Trinidad and Tobago achieved a moderate component score on Transparency (80 points). The Board commends Trinidad and Tobago for significantly improving disclosures related to licence allocations and the license register, in particular in oil and gas. TTEITI has been key in ensuring that the systematically disclosed data on the MEEI website remains up to date. Environmental topics in the oil and gas sectors are being addressed both in EITI reporting and through CSO engagement, with innovations including a pilot covering emissions disclosures by the country’s state-owned enterprise in the natural gas sector. Trinidad and Tobago performed less well on the timeliness of its EITI disclosures, with repeated delays in procurement of the Independent Administrator and data collection. Despite strict confidentiality constraints on the publication of oil and gas contracts that make it difficult for citizens to understand whether the country is getting a fair deal for its natural gas sales in a competitive oil and gas exploration market, the Board commends TTEITI for taking meaningful steps to shed more light on the process for commercialising Trinidad and Tobago’s natural gas. TTEITI has been a key advocate for the routine publication of EITI data on government websites. It has also moved ahead disclosing beneficial ownership information through its own website, pioneering such disclosures in the Latin America and Caribbean region. Building on TTEITI’s long-standing pilot on the mining sector, there is scope for greater use of the EITI process to support improvements in the sector’s governance by strengthening its diagnostic of the sector and providing a forum for multi-stakeholder debate.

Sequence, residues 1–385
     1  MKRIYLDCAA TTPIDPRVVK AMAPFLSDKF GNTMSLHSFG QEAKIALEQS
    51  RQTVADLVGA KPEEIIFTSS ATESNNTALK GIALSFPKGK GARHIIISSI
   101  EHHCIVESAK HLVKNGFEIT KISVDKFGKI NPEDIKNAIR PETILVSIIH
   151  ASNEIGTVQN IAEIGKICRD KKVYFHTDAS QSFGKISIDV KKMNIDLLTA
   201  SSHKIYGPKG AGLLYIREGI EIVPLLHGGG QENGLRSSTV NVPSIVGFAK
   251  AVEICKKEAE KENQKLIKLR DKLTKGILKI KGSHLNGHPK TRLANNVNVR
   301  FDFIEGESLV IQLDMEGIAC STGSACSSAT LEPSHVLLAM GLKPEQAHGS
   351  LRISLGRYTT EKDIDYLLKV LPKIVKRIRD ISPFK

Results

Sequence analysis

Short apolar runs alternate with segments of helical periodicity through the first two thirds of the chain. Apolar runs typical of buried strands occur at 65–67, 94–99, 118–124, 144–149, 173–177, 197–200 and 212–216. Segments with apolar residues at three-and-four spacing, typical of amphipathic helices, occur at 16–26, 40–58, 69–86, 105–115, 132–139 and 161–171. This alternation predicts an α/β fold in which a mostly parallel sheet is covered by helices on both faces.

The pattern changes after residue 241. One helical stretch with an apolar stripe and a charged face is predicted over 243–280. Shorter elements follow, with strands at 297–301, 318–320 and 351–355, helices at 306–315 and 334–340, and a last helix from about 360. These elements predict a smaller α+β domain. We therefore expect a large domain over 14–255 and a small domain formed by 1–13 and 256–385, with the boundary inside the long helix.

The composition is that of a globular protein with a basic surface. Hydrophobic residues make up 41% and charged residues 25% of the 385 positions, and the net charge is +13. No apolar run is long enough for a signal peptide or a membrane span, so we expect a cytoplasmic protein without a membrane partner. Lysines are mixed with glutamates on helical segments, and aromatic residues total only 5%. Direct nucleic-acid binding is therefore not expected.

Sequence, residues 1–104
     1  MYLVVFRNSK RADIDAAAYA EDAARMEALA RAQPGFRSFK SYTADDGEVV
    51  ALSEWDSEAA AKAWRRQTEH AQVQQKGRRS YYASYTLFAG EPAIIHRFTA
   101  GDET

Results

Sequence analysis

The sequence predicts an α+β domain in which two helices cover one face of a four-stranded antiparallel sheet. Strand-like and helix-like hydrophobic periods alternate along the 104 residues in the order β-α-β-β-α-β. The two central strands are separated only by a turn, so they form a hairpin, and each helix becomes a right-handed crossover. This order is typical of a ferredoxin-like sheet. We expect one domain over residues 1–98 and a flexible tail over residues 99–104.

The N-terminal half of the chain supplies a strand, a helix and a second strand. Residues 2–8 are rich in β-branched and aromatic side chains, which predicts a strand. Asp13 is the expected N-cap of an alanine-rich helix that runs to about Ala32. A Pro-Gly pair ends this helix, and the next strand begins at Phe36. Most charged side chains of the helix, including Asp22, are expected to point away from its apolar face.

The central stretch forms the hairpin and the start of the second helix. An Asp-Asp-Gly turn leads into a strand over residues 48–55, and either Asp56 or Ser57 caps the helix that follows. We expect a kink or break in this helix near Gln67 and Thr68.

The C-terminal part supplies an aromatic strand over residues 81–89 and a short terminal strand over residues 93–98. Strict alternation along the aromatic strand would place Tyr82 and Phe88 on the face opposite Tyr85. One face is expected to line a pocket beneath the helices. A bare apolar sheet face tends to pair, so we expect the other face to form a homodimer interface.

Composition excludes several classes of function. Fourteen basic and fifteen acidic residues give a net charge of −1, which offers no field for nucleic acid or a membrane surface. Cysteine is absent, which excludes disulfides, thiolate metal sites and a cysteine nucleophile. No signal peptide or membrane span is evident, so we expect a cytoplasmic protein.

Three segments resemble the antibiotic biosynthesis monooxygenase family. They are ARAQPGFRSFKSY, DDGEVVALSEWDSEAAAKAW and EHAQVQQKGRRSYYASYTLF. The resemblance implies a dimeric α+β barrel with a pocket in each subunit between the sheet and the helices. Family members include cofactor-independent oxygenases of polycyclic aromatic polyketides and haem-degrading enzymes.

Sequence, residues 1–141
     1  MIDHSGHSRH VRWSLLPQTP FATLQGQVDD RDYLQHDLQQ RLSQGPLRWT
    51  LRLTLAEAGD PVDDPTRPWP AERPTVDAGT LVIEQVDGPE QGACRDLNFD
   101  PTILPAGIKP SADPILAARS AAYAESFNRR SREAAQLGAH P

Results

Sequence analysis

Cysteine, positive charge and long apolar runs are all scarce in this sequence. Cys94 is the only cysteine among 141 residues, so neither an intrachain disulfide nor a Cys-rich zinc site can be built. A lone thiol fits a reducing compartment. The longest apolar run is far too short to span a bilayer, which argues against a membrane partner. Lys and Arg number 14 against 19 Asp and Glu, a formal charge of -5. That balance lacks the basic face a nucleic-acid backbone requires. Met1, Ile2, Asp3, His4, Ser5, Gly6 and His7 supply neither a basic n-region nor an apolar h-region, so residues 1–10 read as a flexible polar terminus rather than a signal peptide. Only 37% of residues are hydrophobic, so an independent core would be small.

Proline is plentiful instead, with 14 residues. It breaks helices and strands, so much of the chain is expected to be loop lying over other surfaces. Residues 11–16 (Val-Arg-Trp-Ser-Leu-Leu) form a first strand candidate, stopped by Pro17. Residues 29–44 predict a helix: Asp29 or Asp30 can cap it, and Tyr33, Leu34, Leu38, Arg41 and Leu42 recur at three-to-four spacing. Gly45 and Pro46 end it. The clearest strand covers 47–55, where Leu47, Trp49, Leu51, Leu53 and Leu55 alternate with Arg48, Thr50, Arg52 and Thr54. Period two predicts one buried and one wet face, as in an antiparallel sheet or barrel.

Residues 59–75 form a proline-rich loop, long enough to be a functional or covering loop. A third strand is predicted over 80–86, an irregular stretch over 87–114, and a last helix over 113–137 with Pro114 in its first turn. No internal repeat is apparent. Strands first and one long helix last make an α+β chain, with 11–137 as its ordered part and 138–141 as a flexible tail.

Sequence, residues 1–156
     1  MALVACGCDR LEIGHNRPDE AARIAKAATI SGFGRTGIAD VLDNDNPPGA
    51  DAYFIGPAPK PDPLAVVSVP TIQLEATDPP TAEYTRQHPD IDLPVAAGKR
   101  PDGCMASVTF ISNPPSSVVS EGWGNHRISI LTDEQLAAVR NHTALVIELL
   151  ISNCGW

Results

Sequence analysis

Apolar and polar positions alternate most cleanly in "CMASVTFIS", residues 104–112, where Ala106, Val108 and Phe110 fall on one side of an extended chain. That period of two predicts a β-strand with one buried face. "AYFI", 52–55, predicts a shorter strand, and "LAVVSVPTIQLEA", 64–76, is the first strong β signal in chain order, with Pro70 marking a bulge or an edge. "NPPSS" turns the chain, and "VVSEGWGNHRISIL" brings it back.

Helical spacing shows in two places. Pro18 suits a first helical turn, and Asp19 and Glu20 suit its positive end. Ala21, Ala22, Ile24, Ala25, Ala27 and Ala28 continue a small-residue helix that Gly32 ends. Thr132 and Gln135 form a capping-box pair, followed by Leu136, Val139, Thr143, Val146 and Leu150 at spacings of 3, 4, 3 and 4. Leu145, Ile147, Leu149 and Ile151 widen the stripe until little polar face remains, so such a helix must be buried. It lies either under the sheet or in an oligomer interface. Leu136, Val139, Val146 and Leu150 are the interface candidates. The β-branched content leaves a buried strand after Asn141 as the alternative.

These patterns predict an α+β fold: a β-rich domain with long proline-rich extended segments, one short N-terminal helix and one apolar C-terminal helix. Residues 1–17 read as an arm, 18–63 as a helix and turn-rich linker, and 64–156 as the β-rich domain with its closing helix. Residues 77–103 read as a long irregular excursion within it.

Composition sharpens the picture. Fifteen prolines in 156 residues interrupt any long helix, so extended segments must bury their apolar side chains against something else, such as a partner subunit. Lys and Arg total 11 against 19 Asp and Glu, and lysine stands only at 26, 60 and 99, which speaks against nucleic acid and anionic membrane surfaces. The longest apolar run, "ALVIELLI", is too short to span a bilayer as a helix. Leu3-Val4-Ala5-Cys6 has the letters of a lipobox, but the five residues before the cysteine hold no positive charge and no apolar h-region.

The Board has determined that Trinidad and Tobago will have until a next Validation commencing on 1 April 2026 to carry out corrective actions regarding license register (Requirement 2.3), contracts (Requirement 2.4), beneficial ownership (Requirement 2.5), production data (Requirement 3.2), in-kind revenues (Requirement 4.2), data timeliness (Requirement 4.8), and data reliability (Requirement 4.9). Failure to demonstrate progress on Transparency in the next Validation may result in temporary suspension in accordance with Article 6 of the EITI Standard. In accordance with the EITI Standard, Trinidad and Tobago’s MSG may request an extension of this timeframe or request that Validation commences earlier than scheduled.
Corrective actions and strategic recommendations
The EITI Board agreed the following corrective action to be undertaken by Trinidad & Tobago. Progress in addressing this corrective action will be assessed in the next Validation commencing on 1 April 2026: